Mackie 808S Powered Mixer Blows A Fuse

This powered mixer lives two lives; During the week, it rides quietly in the back of the sound van; When the weekend comes, it works hard as the sound system on the main stage for outdoor festivals. After years of incredibly reliable service, the unit just stopped. And it already had a date on the main stage at The Lonestar Rally in Galveston for the following weekend.  Could the Unbrokenstring Crew see what happened and bring this unit back to life?

This unit was cold and lifeless on the bench.  But where is the main AC line fuse?  We need to get inside.


Mackie is top of the line name brand, nearly ubiquitous is the sound reinforcement industry and in recording studios.


Name, rank, and serial number, please.


These screws hold the front panel in place.  The lock washers are captive.


We note that some of the machine screws are a different length.  This is noted in the notebook.


The screws in the back of the enclosure have large fender washers around them.  We note this, too.


The front panel is free.  Ah, but we are just getting started.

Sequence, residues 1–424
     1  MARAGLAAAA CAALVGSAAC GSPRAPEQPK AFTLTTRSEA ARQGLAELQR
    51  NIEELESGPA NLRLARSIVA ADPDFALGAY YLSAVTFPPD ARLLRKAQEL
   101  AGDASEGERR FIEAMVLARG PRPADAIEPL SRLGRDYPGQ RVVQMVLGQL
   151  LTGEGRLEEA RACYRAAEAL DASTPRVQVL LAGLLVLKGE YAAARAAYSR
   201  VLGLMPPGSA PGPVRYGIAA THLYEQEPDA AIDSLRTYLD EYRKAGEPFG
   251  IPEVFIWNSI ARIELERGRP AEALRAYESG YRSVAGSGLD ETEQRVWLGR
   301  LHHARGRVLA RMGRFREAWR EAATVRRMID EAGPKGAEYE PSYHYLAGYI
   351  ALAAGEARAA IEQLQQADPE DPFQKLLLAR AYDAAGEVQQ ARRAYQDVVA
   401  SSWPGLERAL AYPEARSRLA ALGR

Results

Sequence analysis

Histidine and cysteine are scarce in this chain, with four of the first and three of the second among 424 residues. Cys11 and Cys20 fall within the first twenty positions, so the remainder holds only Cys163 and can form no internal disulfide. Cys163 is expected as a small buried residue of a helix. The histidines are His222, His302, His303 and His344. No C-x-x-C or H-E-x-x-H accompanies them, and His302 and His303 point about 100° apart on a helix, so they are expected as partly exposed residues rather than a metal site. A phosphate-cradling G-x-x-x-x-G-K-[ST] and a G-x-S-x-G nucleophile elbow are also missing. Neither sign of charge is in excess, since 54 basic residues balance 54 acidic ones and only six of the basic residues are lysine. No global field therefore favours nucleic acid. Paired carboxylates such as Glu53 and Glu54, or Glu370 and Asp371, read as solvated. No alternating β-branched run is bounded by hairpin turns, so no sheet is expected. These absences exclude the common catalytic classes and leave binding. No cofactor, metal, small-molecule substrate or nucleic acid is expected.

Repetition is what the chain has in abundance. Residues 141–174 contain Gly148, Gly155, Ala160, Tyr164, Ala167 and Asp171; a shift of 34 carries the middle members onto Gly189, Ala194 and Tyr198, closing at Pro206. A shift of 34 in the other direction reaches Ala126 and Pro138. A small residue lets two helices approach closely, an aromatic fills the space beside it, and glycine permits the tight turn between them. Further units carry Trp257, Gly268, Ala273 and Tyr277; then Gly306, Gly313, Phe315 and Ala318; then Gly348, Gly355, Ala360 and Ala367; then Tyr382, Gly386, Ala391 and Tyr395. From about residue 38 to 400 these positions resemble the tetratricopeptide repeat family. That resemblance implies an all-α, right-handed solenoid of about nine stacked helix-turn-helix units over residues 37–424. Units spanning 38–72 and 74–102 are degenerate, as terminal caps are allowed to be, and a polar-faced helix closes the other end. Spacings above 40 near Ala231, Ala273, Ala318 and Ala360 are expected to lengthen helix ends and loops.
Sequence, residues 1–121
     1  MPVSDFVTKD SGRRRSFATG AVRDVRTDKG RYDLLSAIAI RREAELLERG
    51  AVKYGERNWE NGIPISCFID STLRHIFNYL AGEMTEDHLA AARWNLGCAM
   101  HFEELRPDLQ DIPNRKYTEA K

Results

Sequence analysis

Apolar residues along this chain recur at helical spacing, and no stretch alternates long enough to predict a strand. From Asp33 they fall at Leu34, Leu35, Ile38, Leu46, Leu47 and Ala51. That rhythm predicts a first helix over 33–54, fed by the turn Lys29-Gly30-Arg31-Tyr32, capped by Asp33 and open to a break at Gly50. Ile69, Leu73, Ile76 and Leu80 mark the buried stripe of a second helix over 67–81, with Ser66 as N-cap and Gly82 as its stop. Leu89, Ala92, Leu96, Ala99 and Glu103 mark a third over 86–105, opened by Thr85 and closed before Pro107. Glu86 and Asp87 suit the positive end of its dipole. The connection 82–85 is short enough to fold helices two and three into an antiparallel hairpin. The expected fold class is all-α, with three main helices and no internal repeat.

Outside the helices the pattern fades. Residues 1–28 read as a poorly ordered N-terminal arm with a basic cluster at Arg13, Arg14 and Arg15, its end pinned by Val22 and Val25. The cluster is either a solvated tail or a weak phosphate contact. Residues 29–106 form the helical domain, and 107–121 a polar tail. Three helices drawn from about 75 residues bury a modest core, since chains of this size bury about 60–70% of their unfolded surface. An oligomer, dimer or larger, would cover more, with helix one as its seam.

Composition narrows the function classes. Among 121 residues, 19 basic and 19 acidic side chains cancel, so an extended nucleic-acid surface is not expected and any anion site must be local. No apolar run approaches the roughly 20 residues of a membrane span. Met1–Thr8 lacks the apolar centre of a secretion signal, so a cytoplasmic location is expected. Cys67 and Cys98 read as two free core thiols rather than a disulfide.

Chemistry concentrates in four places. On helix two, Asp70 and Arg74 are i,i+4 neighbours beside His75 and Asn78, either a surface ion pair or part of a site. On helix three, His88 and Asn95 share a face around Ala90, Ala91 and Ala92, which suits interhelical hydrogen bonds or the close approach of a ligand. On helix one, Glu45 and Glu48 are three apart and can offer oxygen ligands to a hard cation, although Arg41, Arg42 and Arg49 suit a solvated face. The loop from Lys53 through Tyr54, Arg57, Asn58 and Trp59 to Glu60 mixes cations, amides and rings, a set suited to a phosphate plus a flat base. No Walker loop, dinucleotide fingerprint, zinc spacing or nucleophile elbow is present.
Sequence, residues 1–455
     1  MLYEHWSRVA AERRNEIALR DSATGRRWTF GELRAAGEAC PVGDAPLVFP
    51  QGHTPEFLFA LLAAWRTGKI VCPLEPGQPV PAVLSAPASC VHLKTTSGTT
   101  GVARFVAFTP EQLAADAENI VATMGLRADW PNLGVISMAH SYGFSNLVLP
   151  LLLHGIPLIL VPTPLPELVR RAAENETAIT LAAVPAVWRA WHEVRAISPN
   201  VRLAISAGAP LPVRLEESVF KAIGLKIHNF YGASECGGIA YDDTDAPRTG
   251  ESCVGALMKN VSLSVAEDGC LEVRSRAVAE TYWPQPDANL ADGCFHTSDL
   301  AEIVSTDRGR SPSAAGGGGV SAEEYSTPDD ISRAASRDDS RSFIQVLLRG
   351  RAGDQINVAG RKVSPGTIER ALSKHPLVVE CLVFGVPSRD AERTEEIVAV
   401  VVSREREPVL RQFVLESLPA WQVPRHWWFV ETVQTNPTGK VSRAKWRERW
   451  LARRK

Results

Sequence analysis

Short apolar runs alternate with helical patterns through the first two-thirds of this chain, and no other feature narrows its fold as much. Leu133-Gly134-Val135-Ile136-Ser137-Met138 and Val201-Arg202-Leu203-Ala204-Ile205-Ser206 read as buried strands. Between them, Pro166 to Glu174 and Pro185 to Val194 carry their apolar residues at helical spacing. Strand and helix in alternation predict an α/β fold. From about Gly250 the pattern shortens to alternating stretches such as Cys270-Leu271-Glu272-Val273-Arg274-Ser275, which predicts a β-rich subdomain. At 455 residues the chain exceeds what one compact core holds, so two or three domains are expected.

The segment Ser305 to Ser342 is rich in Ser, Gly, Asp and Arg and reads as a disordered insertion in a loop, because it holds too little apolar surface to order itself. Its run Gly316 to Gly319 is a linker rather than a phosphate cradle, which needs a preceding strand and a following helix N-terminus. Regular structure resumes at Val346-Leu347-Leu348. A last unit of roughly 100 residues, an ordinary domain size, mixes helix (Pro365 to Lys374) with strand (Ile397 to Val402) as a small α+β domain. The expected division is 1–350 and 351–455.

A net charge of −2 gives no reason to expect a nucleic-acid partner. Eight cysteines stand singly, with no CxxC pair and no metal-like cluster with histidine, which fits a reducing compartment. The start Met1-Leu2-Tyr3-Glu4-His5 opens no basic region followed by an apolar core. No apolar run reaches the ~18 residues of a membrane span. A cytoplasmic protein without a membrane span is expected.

A large ground cable and a smaller white signal cable is seen in this view.  These are taped to the side to get them out of the way.


At the other edge of the front panel is this relatively fragile flat cable.  This requires special care as these are easy to damage and pinch.


Next, the power section of the unit is removed from the case.


This is what it takes to handle 600 watts per channel of audio power.


And here at last, at the very back corner, is the AC line fuse.  This fuse has fatigued over the years and finally opened.


The actual fusing element inside most cartridge fuses is a soft metal strip, suspended at each end.  They can fatigue and fail open, even under normal use.  I believe that this is what happened here.  The green tool is a real fuse installer.  Because I’m OCD like that.


There appear to be no other problems with this unit.  All the screws going back into the right places for testing.



So we tested the unit with a little Lennie Kravitz.


This unit has operated at full power for four hours, as do all of the finished repairs at The Unbrokenstring Shop.  I am deaf.

Thanks for reading all the way to the end!

CONTACT – David Latchaw EE